FOSI, SIMO, native title owners, other conservationists and members of the local community waged a lengthy legal battle and were rewarded with a significant victory.
This proposal involved noisy and polluting trucks roaring through the streets of Dunwich and clogging up the ferry terminal entry point, at a rate of one every three minutes. It also would have meant continued domination of the island by the mining industry long after extractable minerals had run out.
All this impact on safety and peace of islanders and tourists was for the sake of ten jobs! (This figure was contained in the company’s application for planning permission to the Redland City Council).
|Sand heaps now need revegetation.|
Prior to selling out, CRL had duties to report honestly to its shareholders and the Stock Exchange. It revealed (see fact sheets) that mineral sand mining on Stradbroke Island would end by 2027 – perhaps as early as 2020 – assuming expired leases were renewed. CRL announced that, to prolong company profits via mining interests on the Island, it had a proposal to sell non-mineral sand to the construction industry. It commenced stockpiling sand, ignoring rehabilitation obligations. The Government turned a blind eye, and continues to ignore these huge stockpiles which can be seen from the mainland.
In late 2007 CRL lodged an application with the Redland City Council for planning permission to remove and sell 500,000 tonnes of sand per year. Based on the size of its stockpile, CRL could have had a continuing business for another 100 + years. To enhance the company’s value, CRL made no secret of this future plan.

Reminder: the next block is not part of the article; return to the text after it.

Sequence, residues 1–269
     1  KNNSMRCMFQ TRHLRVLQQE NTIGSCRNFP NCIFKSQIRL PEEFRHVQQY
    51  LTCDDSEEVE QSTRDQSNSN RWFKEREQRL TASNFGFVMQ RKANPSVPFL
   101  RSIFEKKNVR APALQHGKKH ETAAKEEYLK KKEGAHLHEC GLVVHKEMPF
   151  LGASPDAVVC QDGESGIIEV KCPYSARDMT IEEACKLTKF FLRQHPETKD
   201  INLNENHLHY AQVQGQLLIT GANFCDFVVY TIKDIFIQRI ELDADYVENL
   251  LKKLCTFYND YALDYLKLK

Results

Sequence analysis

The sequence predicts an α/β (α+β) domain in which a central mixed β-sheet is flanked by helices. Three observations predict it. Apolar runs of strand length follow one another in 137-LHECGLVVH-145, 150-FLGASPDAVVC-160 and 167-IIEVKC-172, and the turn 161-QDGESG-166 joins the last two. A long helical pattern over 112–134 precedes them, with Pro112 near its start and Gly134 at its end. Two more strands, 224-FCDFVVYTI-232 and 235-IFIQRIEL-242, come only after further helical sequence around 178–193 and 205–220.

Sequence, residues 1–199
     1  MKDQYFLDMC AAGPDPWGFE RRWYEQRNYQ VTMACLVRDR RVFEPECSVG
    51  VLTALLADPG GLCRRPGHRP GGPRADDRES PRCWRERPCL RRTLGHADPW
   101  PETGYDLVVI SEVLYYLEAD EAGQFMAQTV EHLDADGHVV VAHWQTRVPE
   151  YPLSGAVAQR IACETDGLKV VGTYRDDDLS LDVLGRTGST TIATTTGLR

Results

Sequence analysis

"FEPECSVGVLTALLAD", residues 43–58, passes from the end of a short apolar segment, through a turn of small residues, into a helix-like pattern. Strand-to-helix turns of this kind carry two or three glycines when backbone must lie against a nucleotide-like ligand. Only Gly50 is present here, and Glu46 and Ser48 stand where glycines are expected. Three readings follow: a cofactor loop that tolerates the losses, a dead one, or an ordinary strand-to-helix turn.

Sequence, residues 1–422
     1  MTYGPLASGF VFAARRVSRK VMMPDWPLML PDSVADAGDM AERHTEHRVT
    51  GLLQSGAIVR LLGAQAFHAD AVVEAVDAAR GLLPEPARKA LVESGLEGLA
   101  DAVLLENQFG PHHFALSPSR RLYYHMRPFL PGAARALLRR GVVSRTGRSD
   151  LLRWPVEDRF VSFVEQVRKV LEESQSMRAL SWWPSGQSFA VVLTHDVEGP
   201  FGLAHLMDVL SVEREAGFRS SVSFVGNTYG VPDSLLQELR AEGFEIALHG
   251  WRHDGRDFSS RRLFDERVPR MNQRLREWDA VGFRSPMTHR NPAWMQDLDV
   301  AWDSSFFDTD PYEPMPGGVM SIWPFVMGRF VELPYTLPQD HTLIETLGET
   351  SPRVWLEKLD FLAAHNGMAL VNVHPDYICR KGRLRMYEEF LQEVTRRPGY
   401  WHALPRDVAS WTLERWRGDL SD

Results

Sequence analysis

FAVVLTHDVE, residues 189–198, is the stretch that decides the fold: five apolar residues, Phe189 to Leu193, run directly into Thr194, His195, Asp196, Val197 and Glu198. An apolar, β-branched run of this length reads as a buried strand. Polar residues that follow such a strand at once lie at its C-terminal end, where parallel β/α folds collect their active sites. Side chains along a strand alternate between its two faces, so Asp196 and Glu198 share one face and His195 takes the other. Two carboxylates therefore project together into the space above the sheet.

Although the local council rejected the proposal in August 2008, the company appealed, maintaining it was confident the council decision would be overturned in the Courts. CRL nevertheless decided that it was time to sell out to Sibelco – before the appeals were heard.
The High Court decision exposes the Government to ridicule. In April 2011 the Government,led by Anna Bligh and Kate Jones, the then Environment minister, rushed through the North Stradbroke Island Protection and Sustainability Act. It is a misnomer. It neither protects nor sustains the Island, rather it sidestepped existing laws to renew critical expired leases to enable destructive mineral sand mining to continue until 31 December, 2019. The so-called Enterprise ‘restricted mine path’ within the Act, used to sell the plan to some environmentalists, has recently been doubled in size by the Environment minister, reducing the amount of area ‘saved’ by 62%. Unfortunately this increase was predictable – see the FOSI/SIMO submission to all MP’s prior to the Bill being passed without amendment. The Act also extended other key expired leases to allow the Vance silica mine to continue until 2025, despite the Court of Appeal’s findings relating to unlawful mining and unresolved criminal charges relating to that mine.
|View from the ferry.|